I opened the door and saw it immediately. To my right and on top of King Tut's (our pet mallard duck) pen, was a huge box messily wrapped in about 5 different pieces of Christmas paper. I understood everything in a flash. It was a saddle and it was from my father. He had never wrapped anything in his life, thus the creative wrapping. And, he had laughed at me moments before because 1) he loved slapstick type of humor, and 2) he knew how happy I would be once I entered that barn! I tore into the box, paper and cardboard flying everywhere, spooking the horse and pony, and freaking out poor King Tut.
A beautiful new saddle! My saddle! My Christmas saddle! The one we had seen at Razor Crossman's auction weeks earlier! The one that my father said cost too much money! I couldn't believe it. I was the luckiest girl in the world. I was loved after all. Life was good again.
Fast forward two years. I had used my saddle regularly on my horse, Flicka. Many ribbons were won at horse shows while in that saddle. I spent countless and joyous hours riding with my friends all around the Dexter area in that saddle. Then, Flicka died of complications from the colic. My passion for riding was buried in the back pasture along with her.
I moved away after graduating from high school two years later. The saddle continued to be used on another horse, "Lady", that my sister rode. Then, she graduated and moved away three years after me. My father kept Lady for a few years after that, but, with no one left at home interested in riding, he sold her, along with "my" saddle to a friend of his who had a young niece who was interested in riding.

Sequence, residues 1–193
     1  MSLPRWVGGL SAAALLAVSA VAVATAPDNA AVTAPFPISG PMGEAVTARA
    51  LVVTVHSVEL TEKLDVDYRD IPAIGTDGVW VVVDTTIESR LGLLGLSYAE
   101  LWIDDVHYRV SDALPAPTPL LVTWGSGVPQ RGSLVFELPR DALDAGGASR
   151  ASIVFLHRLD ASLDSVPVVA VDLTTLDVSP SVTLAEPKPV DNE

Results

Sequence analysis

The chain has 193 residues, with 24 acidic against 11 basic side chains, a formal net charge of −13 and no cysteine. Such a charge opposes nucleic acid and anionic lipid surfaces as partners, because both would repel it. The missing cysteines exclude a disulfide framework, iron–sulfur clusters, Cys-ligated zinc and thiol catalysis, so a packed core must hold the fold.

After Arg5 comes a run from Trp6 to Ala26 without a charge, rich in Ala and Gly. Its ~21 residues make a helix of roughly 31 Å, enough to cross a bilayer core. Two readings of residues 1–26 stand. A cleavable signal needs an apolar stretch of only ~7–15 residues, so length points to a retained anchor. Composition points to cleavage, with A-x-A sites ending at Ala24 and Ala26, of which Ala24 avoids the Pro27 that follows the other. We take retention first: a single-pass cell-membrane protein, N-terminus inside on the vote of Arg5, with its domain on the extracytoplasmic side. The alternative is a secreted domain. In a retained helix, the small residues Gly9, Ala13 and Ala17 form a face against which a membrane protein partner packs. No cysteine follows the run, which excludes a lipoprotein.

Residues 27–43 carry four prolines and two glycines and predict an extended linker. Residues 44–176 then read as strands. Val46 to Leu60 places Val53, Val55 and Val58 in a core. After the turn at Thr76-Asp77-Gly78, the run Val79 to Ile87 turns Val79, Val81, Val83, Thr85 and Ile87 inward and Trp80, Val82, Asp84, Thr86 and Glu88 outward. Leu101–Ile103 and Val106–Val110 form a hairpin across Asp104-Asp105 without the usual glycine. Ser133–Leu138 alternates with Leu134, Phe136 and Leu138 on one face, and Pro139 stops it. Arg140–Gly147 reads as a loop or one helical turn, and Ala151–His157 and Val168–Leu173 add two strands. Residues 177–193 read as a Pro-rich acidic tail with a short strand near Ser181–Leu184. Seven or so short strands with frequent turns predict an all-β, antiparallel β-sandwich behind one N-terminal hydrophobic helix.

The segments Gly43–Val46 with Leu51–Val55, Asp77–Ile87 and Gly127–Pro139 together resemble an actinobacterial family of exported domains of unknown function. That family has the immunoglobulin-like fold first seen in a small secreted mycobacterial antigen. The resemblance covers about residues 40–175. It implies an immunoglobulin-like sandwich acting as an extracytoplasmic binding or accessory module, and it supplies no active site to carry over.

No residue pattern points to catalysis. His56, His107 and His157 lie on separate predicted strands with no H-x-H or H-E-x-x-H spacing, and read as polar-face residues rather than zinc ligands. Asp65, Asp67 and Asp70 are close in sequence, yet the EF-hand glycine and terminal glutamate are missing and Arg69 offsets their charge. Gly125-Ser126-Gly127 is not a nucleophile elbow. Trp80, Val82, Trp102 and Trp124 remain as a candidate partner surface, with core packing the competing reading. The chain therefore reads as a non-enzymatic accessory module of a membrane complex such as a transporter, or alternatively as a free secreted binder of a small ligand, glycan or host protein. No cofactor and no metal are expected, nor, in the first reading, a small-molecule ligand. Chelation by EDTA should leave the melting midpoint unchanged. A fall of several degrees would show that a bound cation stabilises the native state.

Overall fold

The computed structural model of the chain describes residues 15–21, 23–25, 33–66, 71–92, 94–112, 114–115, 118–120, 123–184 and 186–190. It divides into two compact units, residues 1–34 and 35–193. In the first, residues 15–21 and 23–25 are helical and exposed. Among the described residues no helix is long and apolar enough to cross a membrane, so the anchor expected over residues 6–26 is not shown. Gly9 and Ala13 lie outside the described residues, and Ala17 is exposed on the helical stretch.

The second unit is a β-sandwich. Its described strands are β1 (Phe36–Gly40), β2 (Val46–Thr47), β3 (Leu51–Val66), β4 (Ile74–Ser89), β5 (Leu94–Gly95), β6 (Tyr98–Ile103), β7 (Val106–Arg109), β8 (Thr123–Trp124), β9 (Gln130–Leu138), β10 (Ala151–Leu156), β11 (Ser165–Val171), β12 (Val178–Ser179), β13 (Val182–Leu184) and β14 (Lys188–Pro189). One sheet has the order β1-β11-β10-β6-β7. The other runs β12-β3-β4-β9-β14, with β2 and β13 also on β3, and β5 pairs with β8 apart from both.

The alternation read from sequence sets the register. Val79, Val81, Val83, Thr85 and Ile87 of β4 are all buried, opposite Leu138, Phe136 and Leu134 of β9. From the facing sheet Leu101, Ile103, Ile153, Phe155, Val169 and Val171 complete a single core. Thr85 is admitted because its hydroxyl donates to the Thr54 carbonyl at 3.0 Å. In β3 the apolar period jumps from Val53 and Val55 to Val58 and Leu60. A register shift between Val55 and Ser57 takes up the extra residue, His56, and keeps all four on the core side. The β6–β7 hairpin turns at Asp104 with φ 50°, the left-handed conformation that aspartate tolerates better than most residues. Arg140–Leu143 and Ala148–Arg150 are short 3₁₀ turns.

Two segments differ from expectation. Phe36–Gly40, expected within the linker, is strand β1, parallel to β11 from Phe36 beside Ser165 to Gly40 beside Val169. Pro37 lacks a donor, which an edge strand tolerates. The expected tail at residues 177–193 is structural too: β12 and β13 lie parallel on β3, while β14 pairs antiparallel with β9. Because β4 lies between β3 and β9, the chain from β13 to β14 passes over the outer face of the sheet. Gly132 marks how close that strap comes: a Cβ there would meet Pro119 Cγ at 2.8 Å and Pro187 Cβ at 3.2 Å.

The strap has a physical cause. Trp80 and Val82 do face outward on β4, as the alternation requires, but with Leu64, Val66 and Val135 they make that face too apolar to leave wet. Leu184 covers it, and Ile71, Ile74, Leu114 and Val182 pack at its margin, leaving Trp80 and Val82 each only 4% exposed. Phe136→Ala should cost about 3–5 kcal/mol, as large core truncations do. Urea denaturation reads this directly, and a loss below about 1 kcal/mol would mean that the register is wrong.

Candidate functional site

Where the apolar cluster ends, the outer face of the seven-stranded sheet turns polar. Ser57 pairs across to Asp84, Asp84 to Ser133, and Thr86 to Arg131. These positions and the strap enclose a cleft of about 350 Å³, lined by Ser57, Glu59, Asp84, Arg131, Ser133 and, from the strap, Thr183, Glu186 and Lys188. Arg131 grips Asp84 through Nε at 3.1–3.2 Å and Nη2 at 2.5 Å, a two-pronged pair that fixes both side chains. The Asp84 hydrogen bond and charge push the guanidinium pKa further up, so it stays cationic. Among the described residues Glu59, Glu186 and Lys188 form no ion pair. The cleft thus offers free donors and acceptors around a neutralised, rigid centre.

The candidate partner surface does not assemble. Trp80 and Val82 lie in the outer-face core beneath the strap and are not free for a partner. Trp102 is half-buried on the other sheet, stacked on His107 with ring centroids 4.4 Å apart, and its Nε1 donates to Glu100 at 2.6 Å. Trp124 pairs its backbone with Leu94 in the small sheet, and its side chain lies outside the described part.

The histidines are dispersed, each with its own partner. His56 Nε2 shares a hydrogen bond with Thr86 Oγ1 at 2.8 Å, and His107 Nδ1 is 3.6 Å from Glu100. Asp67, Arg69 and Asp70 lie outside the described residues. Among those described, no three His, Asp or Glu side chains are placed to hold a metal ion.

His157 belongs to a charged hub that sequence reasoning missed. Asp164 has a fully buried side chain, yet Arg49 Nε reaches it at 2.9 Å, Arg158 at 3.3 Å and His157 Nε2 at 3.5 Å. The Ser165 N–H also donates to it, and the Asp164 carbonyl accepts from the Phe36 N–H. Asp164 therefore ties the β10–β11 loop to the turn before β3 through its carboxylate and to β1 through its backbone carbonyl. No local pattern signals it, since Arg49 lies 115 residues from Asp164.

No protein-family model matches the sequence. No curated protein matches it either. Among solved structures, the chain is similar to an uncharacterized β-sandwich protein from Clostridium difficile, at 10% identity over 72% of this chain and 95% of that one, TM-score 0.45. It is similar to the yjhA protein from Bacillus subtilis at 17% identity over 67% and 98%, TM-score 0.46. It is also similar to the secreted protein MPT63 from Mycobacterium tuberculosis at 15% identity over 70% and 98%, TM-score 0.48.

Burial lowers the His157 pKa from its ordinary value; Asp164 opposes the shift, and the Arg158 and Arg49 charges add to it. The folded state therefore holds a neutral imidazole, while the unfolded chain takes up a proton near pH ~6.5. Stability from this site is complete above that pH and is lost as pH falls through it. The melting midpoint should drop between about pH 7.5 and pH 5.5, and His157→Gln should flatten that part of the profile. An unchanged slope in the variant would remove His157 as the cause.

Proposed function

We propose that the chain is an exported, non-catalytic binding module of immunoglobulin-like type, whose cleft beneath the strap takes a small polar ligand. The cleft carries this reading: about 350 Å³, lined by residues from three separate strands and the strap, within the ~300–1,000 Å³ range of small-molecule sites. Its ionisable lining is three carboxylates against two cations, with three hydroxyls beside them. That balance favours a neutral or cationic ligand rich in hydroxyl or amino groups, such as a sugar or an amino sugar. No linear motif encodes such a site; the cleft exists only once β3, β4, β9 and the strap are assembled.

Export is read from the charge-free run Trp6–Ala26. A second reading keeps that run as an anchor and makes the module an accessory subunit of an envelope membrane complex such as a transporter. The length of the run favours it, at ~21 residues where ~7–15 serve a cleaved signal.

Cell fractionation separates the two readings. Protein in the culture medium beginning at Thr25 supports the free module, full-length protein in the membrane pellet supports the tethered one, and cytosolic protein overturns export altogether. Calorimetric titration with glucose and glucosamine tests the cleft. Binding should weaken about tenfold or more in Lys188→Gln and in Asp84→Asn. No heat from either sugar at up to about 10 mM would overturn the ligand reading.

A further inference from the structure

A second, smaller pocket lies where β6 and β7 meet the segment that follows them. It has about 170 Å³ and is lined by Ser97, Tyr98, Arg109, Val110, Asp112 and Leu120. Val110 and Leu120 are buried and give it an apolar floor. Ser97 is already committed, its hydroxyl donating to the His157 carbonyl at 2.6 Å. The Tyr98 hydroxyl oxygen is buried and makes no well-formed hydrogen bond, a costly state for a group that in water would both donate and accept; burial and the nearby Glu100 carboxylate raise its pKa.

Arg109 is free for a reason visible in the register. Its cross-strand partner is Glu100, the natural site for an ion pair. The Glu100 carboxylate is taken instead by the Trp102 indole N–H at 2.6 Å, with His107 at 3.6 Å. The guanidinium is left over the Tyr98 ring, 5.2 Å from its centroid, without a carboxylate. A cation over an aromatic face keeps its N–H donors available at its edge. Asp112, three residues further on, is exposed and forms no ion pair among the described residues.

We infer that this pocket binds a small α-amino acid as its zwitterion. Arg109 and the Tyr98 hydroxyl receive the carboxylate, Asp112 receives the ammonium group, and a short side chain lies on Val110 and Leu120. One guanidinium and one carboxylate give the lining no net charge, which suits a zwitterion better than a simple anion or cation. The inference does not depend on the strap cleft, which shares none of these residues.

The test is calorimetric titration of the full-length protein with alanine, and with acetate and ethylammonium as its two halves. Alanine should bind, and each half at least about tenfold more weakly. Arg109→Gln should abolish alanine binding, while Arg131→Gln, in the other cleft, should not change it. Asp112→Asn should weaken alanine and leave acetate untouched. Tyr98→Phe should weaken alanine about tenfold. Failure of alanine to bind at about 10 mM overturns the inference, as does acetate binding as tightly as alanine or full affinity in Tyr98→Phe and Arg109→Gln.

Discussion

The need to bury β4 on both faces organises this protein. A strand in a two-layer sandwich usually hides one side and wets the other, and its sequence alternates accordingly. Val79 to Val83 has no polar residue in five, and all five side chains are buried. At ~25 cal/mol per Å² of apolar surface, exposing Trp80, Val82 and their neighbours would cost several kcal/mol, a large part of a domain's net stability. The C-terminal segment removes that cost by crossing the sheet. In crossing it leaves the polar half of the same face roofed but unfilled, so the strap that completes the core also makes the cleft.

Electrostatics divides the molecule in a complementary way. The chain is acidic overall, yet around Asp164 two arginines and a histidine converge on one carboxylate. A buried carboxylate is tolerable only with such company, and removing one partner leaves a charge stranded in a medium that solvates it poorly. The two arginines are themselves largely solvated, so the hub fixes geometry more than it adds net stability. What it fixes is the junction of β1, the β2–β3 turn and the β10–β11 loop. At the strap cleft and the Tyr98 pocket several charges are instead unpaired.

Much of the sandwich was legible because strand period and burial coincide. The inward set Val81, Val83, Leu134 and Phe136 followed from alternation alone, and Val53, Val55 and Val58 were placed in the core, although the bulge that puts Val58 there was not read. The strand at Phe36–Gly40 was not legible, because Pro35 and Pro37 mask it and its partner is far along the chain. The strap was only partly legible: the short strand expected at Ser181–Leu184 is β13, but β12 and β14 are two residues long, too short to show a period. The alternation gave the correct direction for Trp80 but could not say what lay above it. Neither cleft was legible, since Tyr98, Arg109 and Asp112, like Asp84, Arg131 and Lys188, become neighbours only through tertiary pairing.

Though it bothered me that "my" saddle, my favorite Christmas present ever, had been "so callously sold", I never said anything to my father, and basically got over it. I told the "favorite Christmas story" a number of times over the years, and everyone always said how sad it was that the saddle was sold away along with that last horse. Some were critical of my father for being so insensitive.
Then, the story was told to my siblings in September of 2006 when we were all here in Maine for the wedding. One sister asked if our father had heard that story lately, if ever. (Father was a great story teller himself, and also loved hearing a great story---be it true or "embellished"). He hadn't, and I shared it with him one evening during that week I was home. He loved the story, and loved being reminded about the "good old horse days". I felt good about sharing it with him. I flew back to San Diego.
Father died less then three months later. I flew home again when he was getting very sick, got to visit with him for a couple of days, and was blessed to be by his side on the early morning of December 7, 2006 when he peacefully drew his last breath.
On my birthday this past April 27th, having been moved back to Maine for exactly one week, and surrounded by family, I was given the same saddle again---forty years after the first time. It seems that my father and a couple of siblings had been on a mission to track it down for me as soon as I had left to go back to San Diego last September!! The Christmas saddle had become the homecoming saddle. Needless to say, I was overwhelmed and burst into tears (thus inspiring everyone else in the room to cry) when I realized what I was seeing. And the fact that my father had instigated the whole thing made it almost unbearably bittersweet.
The homecoming saddle now sits in my bedroom as part of the décor. I cleaned it up thoroughly and it is only missing the cinches. I love the smell of leather and saddle soap and I love the feelings and beautiful memories that come over me every time I look at it---which is every day. It is good to be home. Sue Murray 6/07
P.S. Maybe I'll re-discover my passion for riding--- though that may be putting the saddle before the horse… .